Backed by a slate of notable VCs, Pandora Media (NYSE:P) launched its free internet radio service in 2005 and has quickly scaled to take a commanding 58% share of the market with 34 million active users. After increasing its deal terms last Friday, Pandora now plans to raise $162 million by offering 14.7 million shares at a price range of $10 to $12.
The company had previously filed to offer 13.7 million at a range of $7 to $9. At the midpoint of the proposed range, the proceeds raised should exceed the original terms by nearly 50%, valuing the company at $2.1 billion.
Pandora plans to price Tuesday evening and list on the NYSE on Wednesday under the ticker symbol P. Morgan Stanley, J.P. Morgan, and Citi are the lead underwriters on the deal, which is one of the three deals scheduled to price on this week's US IPO calendar.
Pandora was designed to personalize the online radio listening experience. The company maintains a music catalog of over 800,000 songs spanning 240 genres, with each piece being categorized on up to 450 fundamental attributes in order to craft individualized radio stations based on user preferences. The company began by streaming its ad-supported services to desktops and laptops, however, Pandora has seen strong adoption in mobile devices (currently 60% of listener hours) and maintains partnerships with makers of over 200 "smart" consumer electronic devices.
Beyond consumer electronics, the company has hosted negotiations several auto manufacturers, including Mercedes-Benz and Ford, as well as aftermarket audio system suppliers in order to enter the automotive market. The service is expanding beyond current musical offerings, with the company preparing more varied programs including comedy (launched in May 11), news, sports, and talk.
Pandora generates revenues from online display video and audio ads (87% of 2010 revenue) and through the sale of ad-free subscriptions (13%). For the fiscal 1Q ended April, sales grew 136% to $51 million as a result of 137% growth in advertising and 134% growth in subscriptions. Listener hours were up 129% to 1.6 billion on active user growth of 89%. Operating loss widened to $5 million as a result of investments in advertisement sales and general operations. The company remains unprofitable, with operating losses expected to continue into FY12, but management targets 20% operating margins at scale.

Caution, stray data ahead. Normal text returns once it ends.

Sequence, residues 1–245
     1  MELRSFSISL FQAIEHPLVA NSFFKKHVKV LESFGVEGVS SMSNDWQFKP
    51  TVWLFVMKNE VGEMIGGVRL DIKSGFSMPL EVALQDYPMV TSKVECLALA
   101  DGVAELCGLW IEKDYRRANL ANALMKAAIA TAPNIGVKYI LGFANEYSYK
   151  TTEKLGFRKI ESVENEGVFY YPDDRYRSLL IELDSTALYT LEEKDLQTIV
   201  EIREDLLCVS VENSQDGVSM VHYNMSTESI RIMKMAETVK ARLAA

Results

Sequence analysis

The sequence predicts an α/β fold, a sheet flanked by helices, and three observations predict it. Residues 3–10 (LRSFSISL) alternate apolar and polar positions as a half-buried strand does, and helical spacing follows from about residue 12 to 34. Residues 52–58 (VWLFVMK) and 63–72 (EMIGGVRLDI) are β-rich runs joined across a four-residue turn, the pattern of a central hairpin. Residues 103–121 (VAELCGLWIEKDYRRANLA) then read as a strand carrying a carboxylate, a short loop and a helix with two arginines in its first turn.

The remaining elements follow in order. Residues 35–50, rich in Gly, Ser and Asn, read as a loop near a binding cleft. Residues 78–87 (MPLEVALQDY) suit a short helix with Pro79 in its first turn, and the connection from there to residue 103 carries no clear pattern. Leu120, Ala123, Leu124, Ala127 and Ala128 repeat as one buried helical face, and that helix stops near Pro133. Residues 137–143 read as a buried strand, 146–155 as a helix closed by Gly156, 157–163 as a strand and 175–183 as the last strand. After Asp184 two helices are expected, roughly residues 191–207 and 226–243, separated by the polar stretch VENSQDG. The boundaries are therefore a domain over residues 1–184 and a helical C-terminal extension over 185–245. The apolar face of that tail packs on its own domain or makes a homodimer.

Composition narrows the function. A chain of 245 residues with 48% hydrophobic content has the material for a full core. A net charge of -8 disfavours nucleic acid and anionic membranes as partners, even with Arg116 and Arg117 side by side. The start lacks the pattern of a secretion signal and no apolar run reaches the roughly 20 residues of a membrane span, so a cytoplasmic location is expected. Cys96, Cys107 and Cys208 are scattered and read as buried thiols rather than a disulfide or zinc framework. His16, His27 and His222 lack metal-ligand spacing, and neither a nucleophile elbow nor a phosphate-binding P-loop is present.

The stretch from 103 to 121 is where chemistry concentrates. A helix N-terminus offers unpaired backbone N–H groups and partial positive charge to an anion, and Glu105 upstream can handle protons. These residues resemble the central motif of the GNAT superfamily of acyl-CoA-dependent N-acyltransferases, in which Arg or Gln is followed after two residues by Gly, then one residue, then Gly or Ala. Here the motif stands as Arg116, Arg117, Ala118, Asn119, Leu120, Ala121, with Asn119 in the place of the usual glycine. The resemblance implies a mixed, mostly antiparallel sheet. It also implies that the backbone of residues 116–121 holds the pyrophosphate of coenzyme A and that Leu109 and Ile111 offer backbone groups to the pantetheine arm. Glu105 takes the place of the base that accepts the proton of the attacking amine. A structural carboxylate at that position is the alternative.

Pandora's content costs currently represent 50% of sales and are driven by listener hours, which may limit the scalability of the business model. A key licensing agreement with SoundExchange expires in 2015, which may result in higher royalty rates. There are low barriers to entry, and the market already has several competitors including Slacker Radio, Groove Shark, and traditional media giants such as Clear Channel, CBS (NYSE:CBS), and Sirius Radio (NASDAQ:SIRI). Regulatory framework outside the US makes content licensing prohibitively expensive at present and the process for securing international licensing rights could take several years.
Given Pandora's rapid growth in user listener hours and its experienced management team, Pandora appears to be well positioned to expand advertising in a $24 billion addressable ad market. Usage-based content costs are the key concern for this story, as they have contributed to a track record of operating losses and may limit long-term margin upside.
Nonetheless, Pandora can leverage its market dominance and "Music Genome" to increase revenue penetration through higher ad inventory sell-through and ad load. This market opportunity and very thin IPO float could amplify strong investor demand for this innovative, high-growth internet story.